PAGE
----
- The city attorney of Los Angeles on Thursday sued the Weather Company, which is owned by IBM, according to The New York Times. The lawsuit alleges that the company's Weather Channel app misled users as to how their information would be leveraged.
- The lawsuit, which references a recent Times report on location-tracking practices, argues that the Weather Channel app's messages to users were "fraudulent and deceptive" and potentially violate California's Unfair Competition Law. The Weather Channel app encouraged users to turn on location tracking and suggested that their location data would exclusively be applied to better tailor local weather reports. According to the lawsuit, however, the app used the data for other means, such as targeting advertising.
- The suit is looking for civil penalties of up to $2,500 for each violation of the law, per the Times, which could collectively total millions of dollars in fines for the Weather Company given the number of California residents who potentially have the app. An IBM spokesman told the Times that the Weather Company has "always been transparent with use of location data" and that the businesses will "vigorously" defend their disclosures.
Depending on how the lawsuit filed Thursday plays out, it could come as a serious credibility and financial blow, not just to the Weather Company, but also IBM. IBM purchased all of the Weather Company's digital and data assets in 2016 and has frequently leveraged those assets to prop up other major company offerings, like its AI-powered Watson solution and advertising products.
The lawsuit coming from Los Angeles is significant as well, and signals that the growing governmental and regulatory scrutiny into businesses' data-collection practices that gained momentum last year has not cooled in 2019 and will continue to affect how marketers think about their strategies. In the complaint, attorney Michael Feuer said he hopes the case will prove to "be the catalyst for other action" around better guarding consumers' personal information.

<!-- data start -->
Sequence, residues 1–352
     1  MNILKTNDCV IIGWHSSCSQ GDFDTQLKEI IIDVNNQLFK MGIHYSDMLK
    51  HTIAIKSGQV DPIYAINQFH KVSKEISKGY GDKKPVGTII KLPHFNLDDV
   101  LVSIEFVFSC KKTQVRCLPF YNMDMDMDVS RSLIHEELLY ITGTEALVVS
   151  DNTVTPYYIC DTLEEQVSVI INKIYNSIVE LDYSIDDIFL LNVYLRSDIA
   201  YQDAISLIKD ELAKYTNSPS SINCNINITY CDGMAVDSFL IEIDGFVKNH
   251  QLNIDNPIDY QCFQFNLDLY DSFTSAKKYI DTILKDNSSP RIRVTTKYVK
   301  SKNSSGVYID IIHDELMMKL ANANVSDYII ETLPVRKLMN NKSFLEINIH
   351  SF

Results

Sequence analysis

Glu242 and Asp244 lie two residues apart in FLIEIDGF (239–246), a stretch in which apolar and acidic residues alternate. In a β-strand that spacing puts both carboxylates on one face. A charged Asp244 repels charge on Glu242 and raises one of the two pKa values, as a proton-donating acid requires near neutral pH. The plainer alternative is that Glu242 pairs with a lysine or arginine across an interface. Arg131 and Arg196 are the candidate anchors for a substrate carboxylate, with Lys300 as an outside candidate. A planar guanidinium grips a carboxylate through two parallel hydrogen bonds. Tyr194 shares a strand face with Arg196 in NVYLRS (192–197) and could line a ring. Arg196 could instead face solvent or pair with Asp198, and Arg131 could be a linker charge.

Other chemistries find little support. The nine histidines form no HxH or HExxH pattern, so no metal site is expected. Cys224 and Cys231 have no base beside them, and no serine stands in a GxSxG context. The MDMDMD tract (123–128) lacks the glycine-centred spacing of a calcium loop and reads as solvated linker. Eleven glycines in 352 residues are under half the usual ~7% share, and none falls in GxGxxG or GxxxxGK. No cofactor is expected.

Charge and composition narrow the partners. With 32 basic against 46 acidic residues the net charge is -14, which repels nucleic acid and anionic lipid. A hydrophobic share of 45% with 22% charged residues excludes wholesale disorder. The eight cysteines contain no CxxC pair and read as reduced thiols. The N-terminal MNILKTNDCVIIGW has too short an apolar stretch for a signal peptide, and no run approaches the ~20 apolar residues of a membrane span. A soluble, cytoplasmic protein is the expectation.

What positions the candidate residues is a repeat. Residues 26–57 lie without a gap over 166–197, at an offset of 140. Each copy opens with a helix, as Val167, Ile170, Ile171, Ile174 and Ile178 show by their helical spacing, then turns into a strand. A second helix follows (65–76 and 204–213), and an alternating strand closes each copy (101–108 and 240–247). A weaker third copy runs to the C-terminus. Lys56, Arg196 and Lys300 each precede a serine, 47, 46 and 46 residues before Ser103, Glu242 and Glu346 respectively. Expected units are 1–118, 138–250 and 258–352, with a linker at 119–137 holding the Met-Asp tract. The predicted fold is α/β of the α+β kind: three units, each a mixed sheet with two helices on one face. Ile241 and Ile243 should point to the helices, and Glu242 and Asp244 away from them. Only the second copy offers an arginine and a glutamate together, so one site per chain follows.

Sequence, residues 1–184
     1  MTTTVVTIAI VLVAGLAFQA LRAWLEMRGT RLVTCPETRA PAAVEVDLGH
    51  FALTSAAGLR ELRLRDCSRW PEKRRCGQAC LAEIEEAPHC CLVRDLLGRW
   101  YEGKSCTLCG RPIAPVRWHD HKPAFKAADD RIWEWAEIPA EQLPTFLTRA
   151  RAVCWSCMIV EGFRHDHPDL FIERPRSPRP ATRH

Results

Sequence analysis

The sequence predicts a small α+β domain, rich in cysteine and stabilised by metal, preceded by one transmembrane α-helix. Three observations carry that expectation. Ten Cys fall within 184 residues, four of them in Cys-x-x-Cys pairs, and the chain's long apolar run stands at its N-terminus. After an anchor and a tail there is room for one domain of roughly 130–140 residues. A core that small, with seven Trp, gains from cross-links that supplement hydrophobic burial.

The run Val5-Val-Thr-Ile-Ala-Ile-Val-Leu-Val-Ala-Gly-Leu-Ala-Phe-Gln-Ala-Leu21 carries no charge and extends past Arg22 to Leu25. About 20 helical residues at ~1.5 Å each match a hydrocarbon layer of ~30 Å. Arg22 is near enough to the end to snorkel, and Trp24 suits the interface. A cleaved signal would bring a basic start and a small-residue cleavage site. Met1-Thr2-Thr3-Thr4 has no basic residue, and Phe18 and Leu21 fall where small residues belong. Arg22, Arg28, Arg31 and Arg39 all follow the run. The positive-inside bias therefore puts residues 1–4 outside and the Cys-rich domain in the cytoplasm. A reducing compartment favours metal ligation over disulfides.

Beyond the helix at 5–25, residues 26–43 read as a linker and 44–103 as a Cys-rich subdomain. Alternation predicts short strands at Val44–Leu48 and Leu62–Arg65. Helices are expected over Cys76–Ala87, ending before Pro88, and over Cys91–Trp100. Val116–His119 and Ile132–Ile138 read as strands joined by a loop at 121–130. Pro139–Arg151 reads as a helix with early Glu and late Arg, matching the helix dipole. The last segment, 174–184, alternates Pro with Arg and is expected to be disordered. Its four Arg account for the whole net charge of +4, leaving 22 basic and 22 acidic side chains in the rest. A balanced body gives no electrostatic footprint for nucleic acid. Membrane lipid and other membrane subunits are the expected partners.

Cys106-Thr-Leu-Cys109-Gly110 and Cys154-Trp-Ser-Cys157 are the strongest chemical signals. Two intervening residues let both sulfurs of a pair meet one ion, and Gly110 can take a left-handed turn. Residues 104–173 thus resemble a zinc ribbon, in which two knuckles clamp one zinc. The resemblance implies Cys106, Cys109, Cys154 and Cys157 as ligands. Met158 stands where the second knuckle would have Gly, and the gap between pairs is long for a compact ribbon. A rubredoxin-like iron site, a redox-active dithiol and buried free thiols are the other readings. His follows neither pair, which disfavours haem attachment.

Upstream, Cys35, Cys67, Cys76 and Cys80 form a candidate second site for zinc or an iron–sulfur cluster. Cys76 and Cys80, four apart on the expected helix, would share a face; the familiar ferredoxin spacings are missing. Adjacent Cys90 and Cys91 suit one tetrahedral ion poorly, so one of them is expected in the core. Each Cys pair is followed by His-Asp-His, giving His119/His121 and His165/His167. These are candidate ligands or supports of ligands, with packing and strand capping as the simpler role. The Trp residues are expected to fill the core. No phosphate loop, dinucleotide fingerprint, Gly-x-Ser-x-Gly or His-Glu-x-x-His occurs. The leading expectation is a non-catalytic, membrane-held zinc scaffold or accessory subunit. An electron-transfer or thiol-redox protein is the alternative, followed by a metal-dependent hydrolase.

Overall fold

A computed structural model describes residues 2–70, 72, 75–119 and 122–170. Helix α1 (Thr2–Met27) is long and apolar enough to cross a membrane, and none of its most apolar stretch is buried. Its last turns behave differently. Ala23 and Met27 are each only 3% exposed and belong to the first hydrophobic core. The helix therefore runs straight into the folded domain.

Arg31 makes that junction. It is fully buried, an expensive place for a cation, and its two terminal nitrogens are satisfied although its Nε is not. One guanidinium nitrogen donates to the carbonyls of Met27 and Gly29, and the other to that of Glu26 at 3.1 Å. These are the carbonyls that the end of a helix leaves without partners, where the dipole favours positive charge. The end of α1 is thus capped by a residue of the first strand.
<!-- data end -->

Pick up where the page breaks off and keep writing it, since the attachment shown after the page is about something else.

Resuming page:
Location tracking is a particularly contested area when it comes to data-sharing: Businesses value the ability to use geographic information to cater relevant messages to nearby consumers — an increasingly pressing issue in the industry, as marketing personalization often comes up short — but collection practices can be especially invasive in regulators' eyes and come off as creepy to users.
California is frequently noted for enacting strong consumer protection laws, including the recently passed California Consumer Privacy Act (CCPA), which goes into effect next year and grants residents the right to ask businesses to not sell their data. The city of Los Angeles has previously won similar cases to current one against the Weather Company as well, such as a suit brought against Wells Fargo in 2015, where the financial services firm ended up paying out a $50 million settlement, per the Times.
Much of the current conversation around data privacy has been spurred by Facebook's Cambridge Analytica scandal and subsequent controversies around how the social network shares user data with third parties, along with the introduction of more stringent laws like the EU's General Data Protection Regulation, which the CCPA echoes in some regards. Anxieties over myriad state-level laws like the CCPA has recently led some organizations, including the Association of National Advertisers, to push for a comprehensive federal law that could lessen compliance burdens and legal complexities around data collection.